I trudged back to the barn to get a bucket of grain. I hate resorting to this dangerous tactic, walking into a field of horses carrying a bucket. But my friend Eliza
was waiting for me to ride. We had plans to ride on the canal nearby and then
grab some dinner.
In the time elapsed, Eliza had already retrieved her horse Sugar from a far-flung field and tacked up. I thought my bucket of grain would help move things
along on my end.
Every other horse wanted my attention and made an attempt to get a nose in
the bucket. Taff now cantered away from me as if he was spooked. He circled
back, casting irritable glances in my direction. He hid behind his favorite pal,
I talked to Ranger. I let him shove his head in the bucket (Take that, ungrateful
horse of mine! I’m giving the grain to your friend!).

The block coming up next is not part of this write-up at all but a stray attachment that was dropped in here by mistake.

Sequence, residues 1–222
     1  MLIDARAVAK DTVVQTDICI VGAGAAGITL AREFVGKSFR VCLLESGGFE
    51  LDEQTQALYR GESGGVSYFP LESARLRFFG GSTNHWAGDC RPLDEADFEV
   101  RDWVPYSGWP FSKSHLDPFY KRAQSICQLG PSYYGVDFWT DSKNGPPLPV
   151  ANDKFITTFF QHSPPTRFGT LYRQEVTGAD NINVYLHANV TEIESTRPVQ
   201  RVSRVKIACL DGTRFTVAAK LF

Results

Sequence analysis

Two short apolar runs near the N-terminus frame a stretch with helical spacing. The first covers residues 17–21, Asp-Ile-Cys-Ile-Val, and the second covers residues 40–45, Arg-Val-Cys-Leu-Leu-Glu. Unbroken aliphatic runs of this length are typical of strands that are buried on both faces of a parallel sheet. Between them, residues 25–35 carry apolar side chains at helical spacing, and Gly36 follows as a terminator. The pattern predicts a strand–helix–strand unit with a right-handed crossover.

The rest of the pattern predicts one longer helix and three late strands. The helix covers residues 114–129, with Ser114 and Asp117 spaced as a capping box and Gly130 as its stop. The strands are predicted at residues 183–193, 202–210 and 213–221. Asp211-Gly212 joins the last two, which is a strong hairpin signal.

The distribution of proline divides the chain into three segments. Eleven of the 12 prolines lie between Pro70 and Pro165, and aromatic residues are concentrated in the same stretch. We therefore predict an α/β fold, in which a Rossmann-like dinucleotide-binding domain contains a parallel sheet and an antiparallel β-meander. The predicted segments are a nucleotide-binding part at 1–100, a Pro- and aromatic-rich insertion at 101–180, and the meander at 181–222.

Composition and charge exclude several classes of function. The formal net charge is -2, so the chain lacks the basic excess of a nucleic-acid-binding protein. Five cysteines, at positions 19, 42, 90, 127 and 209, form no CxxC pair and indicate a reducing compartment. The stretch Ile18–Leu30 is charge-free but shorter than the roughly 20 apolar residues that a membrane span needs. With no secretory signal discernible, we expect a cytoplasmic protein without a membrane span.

I shooed Ranger away, then stood back and squared my shoulders, facing away
from my horse. I hoped he would approach, but he refused.
The thick trees that surround the field have a hazy look to them in that hot part
of the summer. I scanned the trees, shocked and hurt that I could walk into this
field and leave without being able to halter my horse. About 50 minutes had
and flicked his tail, maintaining that
Finally, he trotted past me from a distance and snorted. This sent me into a
fit of jaw-clenching agony.
Apparently, my horse wanted
nothing to do with me. I knew better
than to walk after him. I turned away,
taking the pressure off so as to not
push him even farther away.
I watched a young woman in the
next field conditioning her horse up
and down a hill. They cantered uphill,
her body in perfect position and the
gelding’s mane and tail flowing in the
I stood in the dirt holding my
halter. I was out of treats. I felt bad.
Embarrassed. Humiliated. Mad. I
hoped that Wonder Woman didn’t
see me watching her from my side of
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